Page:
Sehba Faheem, a senior in biological systems engineering, is the 2021 recipient of the Making Democracy Work Award, presented by the League of Women Voters of Ames and Story County.
Faheem first became involved in campus civic engagement her sophomore year. She noticed several institutional and information barriers she wanted to address.
“There was no convenient place on campus to get a voter registration form,” Faheem said. “For out-of-state students who must get registered through a physical form, this is a significant hurdle.”
Faheem said she knew students who had to drive all the way to the auditor’s office in order to get registered, which is approximately 40 minutes, round-trip.
“Students do not have to go to Nevada to get registered, but issues like this arise from a lack of accessible information,” she said.
Faheem made information about registering the centerfold of her civic engagement project, which she started in February 2020.
“[My project] included community adviser guidebooks, posters, information stations and a website,” she said. “These information stations had info flyers, voter registration forms and absentee ballot request forms.”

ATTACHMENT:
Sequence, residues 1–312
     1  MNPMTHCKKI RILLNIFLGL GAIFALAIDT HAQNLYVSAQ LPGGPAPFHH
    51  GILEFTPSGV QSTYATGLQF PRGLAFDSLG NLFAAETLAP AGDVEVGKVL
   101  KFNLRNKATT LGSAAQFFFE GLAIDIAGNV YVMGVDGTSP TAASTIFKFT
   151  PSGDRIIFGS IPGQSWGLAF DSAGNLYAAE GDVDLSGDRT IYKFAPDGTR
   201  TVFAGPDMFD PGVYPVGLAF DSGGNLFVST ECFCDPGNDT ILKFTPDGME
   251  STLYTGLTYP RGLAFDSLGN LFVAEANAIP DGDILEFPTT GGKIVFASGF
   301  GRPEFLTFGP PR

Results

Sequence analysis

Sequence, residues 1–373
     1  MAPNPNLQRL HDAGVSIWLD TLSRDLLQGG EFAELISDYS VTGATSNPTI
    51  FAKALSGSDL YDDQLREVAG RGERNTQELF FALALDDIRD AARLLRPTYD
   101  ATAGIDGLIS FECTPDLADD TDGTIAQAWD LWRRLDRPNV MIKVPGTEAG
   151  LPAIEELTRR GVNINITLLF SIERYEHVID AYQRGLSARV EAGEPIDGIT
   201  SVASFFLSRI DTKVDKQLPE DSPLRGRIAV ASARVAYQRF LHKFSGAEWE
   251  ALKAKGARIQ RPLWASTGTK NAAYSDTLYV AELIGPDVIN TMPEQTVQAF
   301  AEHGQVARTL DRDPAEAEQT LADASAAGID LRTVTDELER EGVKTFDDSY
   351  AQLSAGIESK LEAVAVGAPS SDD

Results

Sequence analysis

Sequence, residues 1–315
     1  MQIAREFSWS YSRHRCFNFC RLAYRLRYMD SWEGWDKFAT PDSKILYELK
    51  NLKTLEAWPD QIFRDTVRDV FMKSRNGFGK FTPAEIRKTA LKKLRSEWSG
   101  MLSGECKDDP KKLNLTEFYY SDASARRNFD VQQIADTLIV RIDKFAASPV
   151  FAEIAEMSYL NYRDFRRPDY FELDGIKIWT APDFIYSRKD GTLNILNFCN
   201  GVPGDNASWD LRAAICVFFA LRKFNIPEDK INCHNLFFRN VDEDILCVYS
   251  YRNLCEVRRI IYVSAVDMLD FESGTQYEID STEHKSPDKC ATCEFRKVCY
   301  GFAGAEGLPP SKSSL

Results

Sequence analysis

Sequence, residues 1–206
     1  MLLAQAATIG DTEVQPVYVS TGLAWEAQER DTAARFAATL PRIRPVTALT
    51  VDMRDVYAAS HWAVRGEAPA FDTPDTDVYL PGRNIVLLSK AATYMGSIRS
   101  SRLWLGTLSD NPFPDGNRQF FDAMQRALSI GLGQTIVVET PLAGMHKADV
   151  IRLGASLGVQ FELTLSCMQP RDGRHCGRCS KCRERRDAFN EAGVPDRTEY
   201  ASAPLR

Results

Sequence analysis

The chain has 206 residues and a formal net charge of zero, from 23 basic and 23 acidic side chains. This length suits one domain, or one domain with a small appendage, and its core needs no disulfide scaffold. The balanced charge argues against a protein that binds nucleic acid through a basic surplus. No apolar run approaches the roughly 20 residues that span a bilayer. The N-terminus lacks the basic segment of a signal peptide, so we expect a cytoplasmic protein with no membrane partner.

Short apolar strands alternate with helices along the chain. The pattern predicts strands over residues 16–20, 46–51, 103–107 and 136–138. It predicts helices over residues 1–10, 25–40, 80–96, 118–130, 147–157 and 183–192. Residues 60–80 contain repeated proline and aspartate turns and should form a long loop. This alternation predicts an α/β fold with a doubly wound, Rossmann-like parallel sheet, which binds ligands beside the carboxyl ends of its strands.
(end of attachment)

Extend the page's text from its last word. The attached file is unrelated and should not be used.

These stations were placed in every residence hall on campus, and links to the website were put on flyers and distributed to several nearby apartment buildings. Faheem even wrote information about her project in chalk around campus.
Faheem said she quickly realized the issue among students isn’t that they don’t want to vote. The problem is they don’t have the information or materials to register successfully.
“I believe that everyone should have a fair shot [at voting],” she said. “Repeatedly, I would hear from students, ‘I can’t vote, I’m not registered.’ These obstacles do not impact everyone equally.”
The Making Democracy Work Award honors one Story County resident who is committed to encouraging citizens to be involved in the democratic process and being passionate about preserving democracy.
Faheem will be officially recognized by the League of Women Voters during the annual meeting in June.
When asked what college students should know about taking part in democratic processes, Faheem said every voice is important.
“When students don’t vote, our knowledge and perspective are not passed up to those crafting laws upon us,” she said. “Through our voices and votes, I believe that we can create a government that consistently cares for people.”